Designer Dogs

The labradoodle is a cross between a poodle and a labrador retriever

The labradoodle is a cross between a poodle and a labrador retriever.

The Labradoodle, a cross between a labrador retriever and a poodle was the first "breed" to be labeled a "designer dog." A "designer dog" is a deliberate hybrid cross between two purebred dogs, with the intention of creating a new "breed" with certain positive traits of both parent breeds. A designer dog breed isn't actually a breed in the conventional sense of the word — it's just a mix of two (or more) selected breeds. It is, in a sense, a mutt produced by two purebreds whose ancestry you can confirm. The Irish Doodle is an example of such a hybrid: A cross between an Irish Setter and a Poodle.

In the case of the Labradoodle, for example, the intent was to create a breed of dog that was non-allergenic (the poodle), combined with the gentleness and trainability of the labrador. The goal was admirable: To develop a guide dog for the blind that didn't shed and was suitable for people allergic to fur and dander.

Mother Nature and Designer Dogs

Unfortunately, nature doesn't always cooperate with man's good intentions. While many Labradoodles do indeed combine those particular characteristics of the two breeds, some Labradoodles inherit the labrador's coat rather than the poodle's: They do shed and cause allergy problems. Additionally, just as the dog's physical characteristics can't be predicted, neither can their behavioral characteristics.

With purebred dogs, their physical and behavioral characteristics are pretty reliable, and you can be reasonably sure, when getting a purebred puppy, what that pupply will be like as an adult dog. With a hybrid or designer dog, the puppy can inherit any combination of characteristics from the parents — the puppy may or may not have the particular characteristics you desire from one or the other parent breed.

Genetics, Health, and "Hybrid Vigor"

It's commonly believed that hybrid dogs (or mutts) are usually healthier than purebreds and suffer from fewer genetic problems, such as hip dysplasia. This is indeed often the case — breeding among purebreds can tend to prolong and exacerbate existing genetic tendencies in the purebred line, while mixed breeds are less likely to have two parents with the same genetic predispositions.

But that doesn't mean that all mutts are guaranteed to be healthier than purebreds. A mutt, hybrid, or designer dog that is bred from parents who are both genetically predisposed to hip dysplasia, for example, is just as likely to develop the problem as a purebred with parents that are genetically predisposed. If you're considering acquiring a hybrid or designer dog for health reasons, be sure to check into the health of the parents, as well as their parents, to be sure you're not acquiring a dog with the same predisposition to inherited health problems as a purebred would be.

First Generation and Multi-Generation Crossbreeding

Not all hybrid designer dogs are necessarily a half-and-half result of two purebreeds. Many hybrid breeders will breed second-generation, backcross, or multi-generation crosses: for example, a Labradoodle bred with a Goldendoodle, or a Goldendoodle bred with a Labrador. Such multi-mixing makes for even less predictability with respect to the physical and temperamental traits of the resulting puppies.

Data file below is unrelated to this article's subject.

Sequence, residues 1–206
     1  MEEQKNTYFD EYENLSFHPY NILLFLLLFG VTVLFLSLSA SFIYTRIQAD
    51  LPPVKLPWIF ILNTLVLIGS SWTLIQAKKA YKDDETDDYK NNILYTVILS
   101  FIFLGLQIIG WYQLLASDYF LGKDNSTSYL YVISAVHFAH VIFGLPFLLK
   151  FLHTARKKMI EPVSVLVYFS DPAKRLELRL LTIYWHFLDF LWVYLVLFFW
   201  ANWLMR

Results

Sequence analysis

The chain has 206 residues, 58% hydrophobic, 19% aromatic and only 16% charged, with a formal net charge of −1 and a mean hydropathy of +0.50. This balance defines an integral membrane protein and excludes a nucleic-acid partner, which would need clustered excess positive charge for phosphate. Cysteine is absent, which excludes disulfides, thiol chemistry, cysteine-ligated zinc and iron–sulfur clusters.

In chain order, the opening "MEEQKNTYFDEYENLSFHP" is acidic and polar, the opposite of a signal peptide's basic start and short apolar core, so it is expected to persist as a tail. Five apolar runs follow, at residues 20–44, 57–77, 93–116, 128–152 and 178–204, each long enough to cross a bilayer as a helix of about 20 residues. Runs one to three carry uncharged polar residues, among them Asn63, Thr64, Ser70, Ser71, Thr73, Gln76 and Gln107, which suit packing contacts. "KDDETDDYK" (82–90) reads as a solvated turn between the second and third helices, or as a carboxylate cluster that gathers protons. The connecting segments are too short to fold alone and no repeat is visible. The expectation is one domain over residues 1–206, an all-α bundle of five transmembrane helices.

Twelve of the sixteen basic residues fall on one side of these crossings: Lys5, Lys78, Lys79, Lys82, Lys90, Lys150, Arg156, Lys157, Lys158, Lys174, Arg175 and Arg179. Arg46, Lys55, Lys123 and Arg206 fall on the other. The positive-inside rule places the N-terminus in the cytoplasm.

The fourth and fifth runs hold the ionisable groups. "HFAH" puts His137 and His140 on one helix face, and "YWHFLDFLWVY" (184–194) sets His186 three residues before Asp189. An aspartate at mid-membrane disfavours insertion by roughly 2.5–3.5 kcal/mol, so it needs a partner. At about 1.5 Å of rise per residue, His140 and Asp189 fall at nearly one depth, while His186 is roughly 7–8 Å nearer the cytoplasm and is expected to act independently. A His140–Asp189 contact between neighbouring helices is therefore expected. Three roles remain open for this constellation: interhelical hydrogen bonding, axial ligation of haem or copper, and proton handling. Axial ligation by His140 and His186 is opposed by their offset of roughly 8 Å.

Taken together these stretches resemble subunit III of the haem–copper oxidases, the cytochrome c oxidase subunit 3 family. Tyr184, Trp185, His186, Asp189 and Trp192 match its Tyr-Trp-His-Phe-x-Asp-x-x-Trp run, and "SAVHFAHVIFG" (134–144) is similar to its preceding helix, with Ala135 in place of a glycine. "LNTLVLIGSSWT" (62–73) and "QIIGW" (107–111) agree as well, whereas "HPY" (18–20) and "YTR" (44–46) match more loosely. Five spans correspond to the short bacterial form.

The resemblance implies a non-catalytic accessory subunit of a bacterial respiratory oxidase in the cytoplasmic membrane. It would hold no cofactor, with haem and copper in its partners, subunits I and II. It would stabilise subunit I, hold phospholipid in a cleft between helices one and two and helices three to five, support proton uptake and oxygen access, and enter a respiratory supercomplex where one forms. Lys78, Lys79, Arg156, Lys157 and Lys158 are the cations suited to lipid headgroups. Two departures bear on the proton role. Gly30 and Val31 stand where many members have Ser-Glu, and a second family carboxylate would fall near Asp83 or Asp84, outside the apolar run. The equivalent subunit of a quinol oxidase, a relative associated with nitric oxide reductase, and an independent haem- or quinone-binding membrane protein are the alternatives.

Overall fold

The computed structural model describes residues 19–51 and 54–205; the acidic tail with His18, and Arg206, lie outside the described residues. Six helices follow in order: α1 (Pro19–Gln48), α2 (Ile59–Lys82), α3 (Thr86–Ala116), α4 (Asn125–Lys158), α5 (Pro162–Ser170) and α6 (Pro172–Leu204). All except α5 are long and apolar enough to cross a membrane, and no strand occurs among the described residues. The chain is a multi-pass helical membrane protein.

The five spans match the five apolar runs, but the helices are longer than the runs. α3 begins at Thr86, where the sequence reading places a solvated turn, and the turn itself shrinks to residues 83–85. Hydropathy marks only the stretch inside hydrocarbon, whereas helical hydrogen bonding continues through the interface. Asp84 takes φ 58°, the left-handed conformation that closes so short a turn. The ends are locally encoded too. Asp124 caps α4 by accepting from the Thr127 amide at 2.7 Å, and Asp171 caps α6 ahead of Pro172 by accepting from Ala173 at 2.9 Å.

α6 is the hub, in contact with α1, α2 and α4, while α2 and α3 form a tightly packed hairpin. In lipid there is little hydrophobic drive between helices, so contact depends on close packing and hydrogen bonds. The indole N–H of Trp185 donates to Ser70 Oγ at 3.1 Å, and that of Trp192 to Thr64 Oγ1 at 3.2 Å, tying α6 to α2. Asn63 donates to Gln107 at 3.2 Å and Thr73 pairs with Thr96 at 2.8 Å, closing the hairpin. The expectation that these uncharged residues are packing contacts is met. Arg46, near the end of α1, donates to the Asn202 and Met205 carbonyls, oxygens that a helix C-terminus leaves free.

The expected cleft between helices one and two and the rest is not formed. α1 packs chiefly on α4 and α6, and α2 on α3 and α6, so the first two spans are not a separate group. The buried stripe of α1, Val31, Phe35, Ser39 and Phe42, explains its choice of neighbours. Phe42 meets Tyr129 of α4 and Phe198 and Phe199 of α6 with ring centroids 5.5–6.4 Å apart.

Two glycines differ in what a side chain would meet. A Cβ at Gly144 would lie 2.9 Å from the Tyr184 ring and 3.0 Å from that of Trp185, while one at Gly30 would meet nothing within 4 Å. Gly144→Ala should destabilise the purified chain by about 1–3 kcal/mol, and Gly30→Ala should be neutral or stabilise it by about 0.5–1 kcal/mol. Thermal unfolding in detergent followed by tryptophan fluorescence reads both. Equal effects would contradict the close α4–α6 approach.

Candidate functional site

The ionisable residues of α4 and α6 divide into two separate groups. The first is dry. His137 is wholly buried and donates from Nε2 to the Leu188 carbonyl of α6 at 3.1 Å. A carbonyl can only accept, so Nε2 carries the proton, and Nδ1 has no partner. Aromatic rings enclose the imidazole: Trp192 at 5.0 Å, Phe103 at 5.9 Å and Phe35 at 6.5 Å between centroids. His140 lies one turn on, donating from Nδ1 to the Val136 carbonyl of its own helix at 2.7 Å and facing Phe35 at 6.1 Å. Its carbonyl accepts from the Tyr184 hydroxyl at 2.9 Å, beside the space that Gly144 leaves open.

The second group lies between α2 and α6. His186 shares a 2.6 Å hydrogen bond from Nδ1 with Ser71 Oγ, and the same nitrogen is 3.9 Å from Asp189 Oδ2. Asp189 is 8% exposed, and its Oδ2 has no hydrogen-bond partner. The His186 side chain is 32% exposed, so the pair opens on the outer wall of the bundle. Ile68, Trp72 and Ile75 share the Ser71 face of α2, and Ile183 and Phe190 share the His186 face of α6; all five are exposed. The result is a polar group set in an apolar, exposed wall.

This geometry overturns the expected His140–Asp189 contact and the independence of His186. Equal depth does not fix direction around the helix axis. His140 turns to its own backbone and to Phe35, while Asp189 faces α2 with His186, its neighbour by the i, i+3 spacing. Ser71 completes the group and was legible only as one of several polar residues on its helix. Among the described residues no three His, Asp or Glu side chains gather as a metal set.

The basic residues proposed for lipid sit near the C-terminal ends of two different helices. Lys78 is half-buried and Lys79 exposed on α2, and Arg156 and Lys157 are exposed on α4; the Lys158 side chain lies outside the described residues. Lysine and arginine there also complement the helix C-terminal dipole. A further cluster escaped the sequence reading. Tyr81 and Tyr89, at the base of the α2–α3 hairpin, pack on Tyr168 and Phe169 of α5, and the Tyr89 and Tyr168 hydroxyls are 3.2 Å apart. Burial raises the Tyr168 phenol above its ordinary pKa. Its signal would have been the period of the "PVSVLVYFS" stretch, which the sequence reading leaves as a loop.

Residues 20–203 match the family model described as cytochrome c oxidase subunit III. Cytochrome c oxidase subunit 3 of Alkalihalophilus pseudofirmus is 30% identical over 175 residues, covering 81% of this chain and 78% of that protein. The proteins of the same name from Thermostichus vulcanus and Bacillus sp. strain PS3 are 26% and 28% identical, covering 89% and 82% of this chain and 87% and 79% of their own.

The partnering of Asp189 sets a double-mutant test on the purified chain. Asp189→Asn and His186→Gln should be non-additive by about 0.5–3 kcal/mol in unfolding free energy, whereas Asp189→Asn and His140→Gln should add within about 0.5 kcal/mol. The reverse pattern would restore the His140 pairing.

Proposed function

Hybrids vs. Mutts

Despite the unpredictability of hybrids in achieving the particular aims of the breeder, they can nevertheless make excellent pets. Just as mutts from the pound can make some of the best pets around, so can hybrid designer dogs. Designer dogs have an advantage over the mutt from the animal shelter: You know the ancestry of the designer dog and can make your own judgment of the health and temperament of the parents. There's no guarantee that the pups will inherit any particular trait from either parent, but so long as the parents, and their parents, are generally healthy and have a good temperament, it's a pretty sure bet that their pups will be, too.

On the other hand, if you want a designer dog purely for health reasons, you might want to check with your local pound or animal shelter. The dogs available for adoption at the pound are often indistinguishable from expensive designer dogs, and are likely to have just as much "hybrid vigor" as any designer dog. Adopting a dog from the shelter can save you hundreds or even thousands of dollars, too.

Common Designer Crossbreeds

Some of the most common designer dogs include the following:

  • Labradoodle — Labrador Retriever and Poodle
  • Goldendoodle — Golden Retriever and Poodle
  • Schnoodle — Schauzer and Poodle
  • Yorkipoo — Yorkie and Poodle
  • Bugg — Boston Terrier and Pug
  • Puggle — Pug and Beagle
  • Pomapoo — Pomeranian and Poodle
  • Aussiedoodle — Australian Shepherd and Poodle
  • Bassetoodle — Basset Hound and Poodle
  • Irish Doodle — Irish Setter and Poodle

Poodles and Designer Dogs

If it seems that poodles come in for more than their fair share of hybrid breeding, that's because poodles don't shed. This makes them not only well suited for people with allergies, but it makes for less work in cleaning up the dog fur that tends to accumulate in households with dogs. Poodles are also extremely intelligent dogs, another highly desirable trait.

The AKC and the ACHC

The American Kennel Club (the well-known AKC), is generally considered as the final arbiter of dog breeds and breed standards. The AKC does not recognize designer dogs as breeds, for a variety of reasons. The ACHC, or American Canine Hybrid Club, specifically recognized crossbreed hybrid dogs produced from purebred ancestry.